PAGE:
An expert opinion relevant to a material issue in a trial but based entirely on unproven hearsay, is admissible but will carry no weight whereas an opinion based on matters within the scope of his or her expertise, as in personal observation, consultation with colleagues, and information that an expert obtains from a party to litigation touching a matter directly in issue. Where the information upon which an expert forms his or her opinion comes from a party to the litigation, or from any other source that is inherently suspect, a court ought to require independent proof of that information. The lack of such proof will have a direct effect on the weight to be given to the opinion. However, where an expert's opinion is based in part upon suspect information and in part upon either admitted facts or facts sought to be proved, the matter is purely one of weight. That was the situation here in that P.W.6 based his opinion partly on suspect information of his previous experience and the history given to him by the victim and in part upon observed facts of a torn hymen. I attach a lot of weight to the evidence only as corroboration of the fact that the victim had lost her virginity, most probably by penile penetration by the time of the examination, but not as corroboration of the fact that it had occurred on 11th October, 2014 at the hands of the accused.
Corroboration of the latter aspect is by the testimony of the Senior Woman Teacher P.W.4 Nanteza Annet who testified that the victim looked scared as she confided in her the following Friday, 17th October, 2014 (P.W.3 says it was Monday 14th October, 2014 ). The distressed condition of a victim of a sexual offence, soon after or within a reasonable time after the offence was allegedly committed, may corroborate her evidence. Moreover, she recounted the same experience to P.W.3 Nkoyooyo Joseph. The circumstances of the two reports provided a guarantee of reliability: the statements were made shortly after the alleged attack and to different persons on separate occasions. They were also consistent with one another and with the medical evidence of P.W.6 Dr. Kalyemenya Martin.
It was argued by counsel for the accused that there were multiple contradictions and inconsistencies in the prosecution evidence by reason whereof it ought to be rejected. I find that the testimony of the victim's father P.W.2 Muhereza Golden alluded to by counsel related to two previous incidents near the victim's home and is not central to the determination of this element. It may only be relevant for testing the credibility of the witnesses in light of details relating to the recovery of condoms and the sequence of events that occurred on those two occasions. The testimony of her head teacher P.W.3 Nkoyooyo Joseph in relation to this element is mostly corroborative in terms of section 156 of The Evidence Act which permits reliance on a former statement made by a witness relating to the same fact, at or about the time when the fact took place.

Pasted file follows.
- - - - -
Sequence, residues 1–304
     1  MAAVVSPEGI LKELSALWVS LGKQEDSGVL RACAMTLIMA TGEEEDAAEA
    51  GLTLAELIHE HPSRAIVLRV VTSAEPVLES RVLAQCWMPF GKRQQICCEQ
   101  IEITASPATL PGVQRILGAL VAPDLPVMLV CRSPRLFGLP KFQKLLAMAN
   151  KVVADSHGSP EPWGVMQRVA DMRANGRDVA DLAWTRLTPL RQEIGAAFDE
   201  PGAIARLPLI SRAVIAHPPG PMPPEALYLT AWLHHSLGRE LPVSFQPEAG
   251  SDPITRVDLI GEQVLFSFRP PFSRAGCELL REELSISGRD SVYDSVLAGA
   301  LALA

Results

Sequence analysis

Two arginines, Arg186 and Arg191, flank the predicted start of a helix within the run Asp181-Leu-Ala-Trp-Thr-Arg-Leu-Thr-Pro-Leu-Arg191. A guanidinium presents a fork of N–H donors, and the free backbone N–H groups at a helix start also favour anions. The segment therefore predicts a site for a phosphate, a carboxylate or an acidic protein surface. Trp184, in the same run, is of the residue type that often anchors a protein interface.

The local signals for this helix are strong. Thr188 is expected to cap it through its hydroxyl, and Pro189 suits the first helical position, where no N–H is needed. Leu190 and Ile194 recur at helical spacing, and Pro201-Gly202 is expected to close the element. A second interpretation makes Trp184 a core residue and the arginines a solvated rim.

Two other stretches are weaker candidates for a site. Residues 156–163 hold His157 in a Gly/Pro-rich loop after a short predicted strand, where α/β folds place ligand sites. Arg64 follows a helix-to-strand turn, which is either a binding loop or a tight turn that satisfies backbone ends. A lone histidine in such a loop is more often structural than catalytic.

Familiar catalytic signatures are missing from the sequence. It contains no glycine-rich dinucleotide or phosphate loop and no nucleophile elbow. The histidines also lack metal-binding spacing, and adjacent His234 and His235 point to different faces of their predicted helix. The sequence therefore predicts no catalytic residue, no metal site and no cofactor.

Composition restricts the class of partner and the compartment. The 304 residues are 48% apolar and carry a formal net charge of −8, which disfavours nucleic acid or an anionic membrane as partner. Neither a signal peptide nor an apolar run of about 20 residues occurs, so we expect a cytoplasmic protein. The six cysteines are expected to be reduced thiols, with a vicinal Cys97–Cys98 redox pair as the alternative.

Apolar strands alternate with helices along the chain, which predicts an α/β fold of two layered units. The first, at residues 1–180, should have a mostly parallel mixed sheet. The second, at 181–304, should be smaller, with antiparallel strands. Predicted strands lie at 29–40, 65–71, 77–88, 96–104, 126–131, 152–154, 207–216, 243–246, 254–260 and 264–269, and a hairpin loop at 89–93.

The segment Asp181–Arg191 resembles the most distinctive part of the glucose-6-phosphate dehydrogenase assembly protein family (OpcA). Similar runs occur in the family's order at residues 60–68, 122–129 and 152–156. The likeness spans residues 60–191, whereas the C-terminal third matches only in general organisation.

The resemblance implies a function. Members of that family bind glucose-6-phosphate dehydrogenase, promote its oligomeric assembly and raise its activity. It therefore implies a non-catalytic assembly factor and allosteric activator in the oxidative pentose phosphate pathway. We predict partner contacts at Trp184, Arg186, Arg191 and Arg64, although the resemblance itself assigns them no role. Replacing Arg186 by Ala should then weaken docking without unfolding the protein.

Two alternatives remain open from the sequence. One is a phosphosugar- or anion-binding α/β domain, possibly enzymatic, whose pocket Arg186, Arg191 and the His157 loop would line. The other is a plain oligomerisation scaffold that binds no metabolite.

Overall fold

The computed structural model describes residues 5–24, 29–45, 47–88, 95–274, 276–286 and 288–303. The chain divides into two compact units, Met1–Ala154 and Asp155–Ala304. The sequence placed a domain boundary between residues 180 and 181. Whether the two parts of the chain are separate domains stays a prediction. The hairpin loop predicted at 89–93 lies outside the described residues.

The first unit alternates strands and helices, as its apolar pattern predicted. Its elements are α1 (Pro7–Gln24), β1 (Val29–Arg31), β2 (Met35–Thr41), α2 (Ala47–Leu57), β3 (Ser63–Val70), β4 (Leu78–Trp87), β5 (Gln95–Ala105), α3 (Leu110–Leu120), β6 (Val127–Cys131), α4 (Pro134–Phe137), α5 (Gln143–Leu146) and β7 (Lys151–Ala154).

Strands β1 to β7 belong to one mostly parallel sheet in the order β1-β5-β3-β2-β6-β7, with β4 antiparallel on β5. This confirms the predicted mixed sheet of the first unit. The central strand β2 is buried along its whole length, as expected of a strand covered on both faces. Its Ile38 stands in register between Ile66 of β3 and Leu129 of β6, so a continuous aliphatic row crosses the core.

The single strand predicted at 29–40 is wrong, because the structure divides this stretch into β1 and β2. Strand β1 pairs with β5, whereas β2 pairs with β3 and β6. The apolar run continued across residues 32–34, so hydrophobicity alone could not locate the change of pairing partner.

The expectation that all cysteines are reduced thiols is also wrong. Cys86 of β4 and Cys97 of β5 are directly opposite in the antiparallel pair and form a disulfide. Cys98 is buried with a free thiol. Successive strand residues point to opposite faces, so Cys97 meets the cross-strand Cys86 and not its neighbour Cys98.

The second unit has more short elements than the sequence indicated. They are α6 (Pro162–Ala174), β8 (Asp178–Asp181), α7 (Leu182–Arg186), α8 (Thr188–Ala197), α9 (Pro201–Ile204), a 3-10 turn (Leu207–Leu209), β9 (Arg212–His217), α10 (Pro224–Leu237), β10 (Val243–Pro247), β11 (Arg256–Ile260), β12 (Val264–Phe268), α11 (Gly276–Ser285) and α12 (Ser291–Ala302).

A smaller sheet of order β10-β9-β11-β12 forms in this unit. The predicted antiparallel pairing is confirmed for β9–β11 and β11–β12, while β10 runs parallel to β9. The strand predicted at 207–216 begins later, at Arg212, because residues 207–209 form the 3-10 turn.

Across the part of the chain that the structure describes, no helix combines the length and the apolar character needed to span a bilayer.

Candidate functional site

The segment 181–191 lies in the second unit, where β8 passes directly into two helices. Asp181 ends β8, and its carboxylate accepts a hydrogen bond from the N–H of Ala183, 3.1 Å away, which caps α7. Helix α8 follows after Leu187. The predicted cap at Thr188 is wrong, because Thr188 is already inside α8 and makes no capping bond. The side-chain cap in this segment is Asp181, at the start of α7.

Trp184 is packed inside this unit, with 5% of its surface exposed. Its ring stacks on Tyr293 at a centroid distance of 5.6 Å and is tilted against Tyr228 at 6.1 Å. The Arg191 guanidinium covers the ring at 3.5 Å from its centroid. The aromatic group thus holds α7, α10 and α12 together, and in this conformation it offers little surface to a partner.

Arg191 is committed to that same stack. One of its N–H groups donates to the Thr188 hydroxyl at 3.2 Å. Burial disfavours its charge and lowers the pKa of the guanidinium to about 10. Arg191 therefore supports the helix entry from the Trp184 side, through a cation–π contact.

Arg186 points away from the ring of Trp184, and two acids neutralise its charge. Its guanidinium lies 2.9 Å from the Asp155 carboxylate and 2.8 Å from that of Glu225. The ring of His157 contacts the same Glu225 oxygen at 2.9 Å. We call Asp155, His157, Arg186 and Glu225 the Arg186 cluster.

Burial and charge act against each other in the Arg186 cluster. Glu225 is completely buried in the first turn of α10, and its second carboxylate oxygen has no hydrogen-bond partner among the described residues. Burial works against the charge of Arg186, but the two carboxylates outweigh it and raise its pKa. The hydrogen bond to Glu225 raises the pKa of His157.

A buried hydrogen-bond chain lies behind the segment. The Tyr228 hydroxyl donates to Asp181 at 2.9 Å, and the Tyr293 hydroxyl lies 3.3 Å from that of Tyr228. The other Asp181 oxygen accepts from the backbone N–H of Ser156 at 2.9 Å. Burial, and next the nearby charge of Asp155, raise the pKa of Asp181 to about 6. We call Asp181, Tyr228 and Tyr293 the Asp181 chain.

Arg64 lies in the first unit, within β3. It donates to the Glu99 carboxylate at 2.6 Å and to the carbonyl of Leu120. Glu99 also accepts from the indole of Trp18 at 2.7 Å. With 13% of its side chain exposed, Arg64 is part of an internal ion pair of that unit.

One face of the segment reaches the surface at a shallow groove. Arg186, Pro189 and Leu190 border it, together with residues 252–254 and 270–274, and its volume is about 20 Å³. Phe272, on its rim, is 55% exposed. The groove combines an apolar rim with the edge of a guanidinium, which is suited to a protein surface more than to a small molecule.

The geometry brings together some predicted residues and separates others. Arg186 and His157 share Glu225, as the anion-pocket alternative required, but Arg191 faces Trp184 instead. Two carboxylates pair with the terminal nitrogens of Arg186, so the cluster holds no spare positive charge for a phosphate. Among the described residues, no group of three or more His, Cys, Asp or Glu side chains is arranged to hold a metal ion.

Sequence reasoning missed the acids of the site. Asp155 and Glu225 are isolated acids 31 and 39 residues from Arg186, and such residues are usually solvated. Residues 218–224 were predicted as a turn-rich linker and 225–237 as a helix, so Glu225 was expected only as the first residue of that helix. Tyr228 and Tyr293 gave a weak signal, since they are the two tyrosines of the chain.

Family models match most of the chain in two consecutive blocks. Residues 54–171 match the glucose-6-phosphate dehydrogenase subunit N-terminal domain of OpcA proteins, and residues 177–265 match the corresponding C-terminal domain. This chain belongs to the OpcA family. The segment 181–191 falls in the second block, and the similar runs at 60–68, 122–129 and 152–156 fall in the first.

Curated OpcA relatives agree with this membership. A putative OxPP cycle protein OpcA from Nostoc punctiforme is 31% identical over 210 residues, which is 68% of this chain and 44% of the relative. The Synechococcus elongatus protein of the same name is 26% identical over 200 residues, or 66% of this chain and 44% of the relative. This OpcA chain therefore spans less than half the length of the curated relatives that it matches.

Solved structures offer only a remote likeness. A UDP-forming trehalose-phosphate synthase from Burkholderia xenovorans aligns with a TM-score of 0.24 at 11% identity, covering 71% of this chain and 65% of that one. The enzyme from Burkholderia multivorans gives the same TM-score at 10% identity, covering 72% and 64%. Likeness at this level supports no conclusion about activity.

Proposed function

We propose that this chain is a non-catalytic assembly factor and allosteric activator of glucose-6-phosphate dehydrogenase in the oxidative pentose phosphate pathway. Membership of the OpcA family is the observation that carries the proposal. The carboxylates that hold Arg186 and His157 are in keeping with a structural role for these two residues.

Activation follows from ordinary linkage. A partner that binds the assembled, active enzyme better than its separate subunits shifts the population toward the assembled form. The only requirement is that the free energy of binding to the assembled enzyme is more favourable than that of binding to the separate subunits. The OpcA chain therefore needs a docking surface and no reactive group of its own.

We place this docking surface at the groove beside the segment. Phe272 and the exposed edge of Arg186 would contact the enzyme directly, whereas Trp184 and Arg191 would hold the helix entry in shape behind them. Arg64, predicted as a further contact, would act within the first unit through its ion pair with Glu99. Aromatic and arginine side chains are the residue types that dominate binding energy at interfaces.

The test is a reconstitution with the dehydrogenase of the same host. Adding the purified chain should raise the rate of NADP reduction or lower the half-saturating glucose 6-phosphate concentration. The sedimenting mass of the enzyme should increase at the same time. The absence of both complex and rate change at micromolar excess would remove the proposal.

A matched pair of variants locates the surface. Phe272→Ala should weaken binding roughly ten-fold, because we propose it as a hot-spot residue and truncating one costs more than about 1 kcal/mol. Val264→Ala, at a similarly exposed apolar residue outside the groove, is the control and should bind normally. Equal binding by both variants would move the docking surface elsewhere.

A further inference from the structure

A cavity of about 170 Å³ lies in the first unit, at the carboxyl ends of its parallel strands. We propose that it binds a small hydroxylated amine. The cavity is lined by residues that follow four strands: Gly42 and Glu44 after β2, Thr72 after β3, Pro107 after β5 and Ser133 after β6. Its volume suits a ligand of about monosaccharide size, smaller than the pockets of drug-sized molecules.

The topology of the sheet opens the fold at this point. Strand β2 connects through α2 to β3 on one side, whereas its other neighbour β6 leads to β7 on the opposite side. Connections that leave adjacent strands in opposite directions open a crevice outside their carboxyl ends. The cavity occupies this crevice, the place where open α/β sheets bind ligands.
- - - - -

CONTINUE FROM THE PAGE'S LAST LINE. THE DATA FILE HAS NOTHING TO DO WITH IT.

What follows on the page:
It is settled law that grave inconsistencies and contradictions unless satisfactorily explained, will usually but not necessarily result in the evidence of a witness being rejected. Minor ones unless they point to deliberate untruthfulness will be ignored (see Alfred Tajar v. Uganda, EACA Cr. Appeal No.167 of 1969, Uganda v. F. Ssembatya and another  HCB 278, Sarapio Tinkamalirwe v. Uganda, S.C. Criminal Appeal No. 27 of 1989, Twinomugisha Alex and two others v. Uganda, S. C. Criminal Appeal No. 35 of 2002 and Uganda v. Abdallah Nassur  HCB). The gravity of the contradiction will depend on the centrality of the matter it relates to in the determination of the key issues in the case. What constitutes a major contradiction will vary from case to case. The question always is whether or not the contradictory elements are material, i.e. “essential” to the determination of the case. Material aspects of evidence vary from crime to crime but, generally in a criminal trial, materiality is determined on basis of the relative importance between the point being offered by the contradictory evidence and its consequence to the determination of any of the elements necessary to be proved. It will be considered minor where it relates only on a factual issue that is not central, or that is only collateral to the outcome of the case.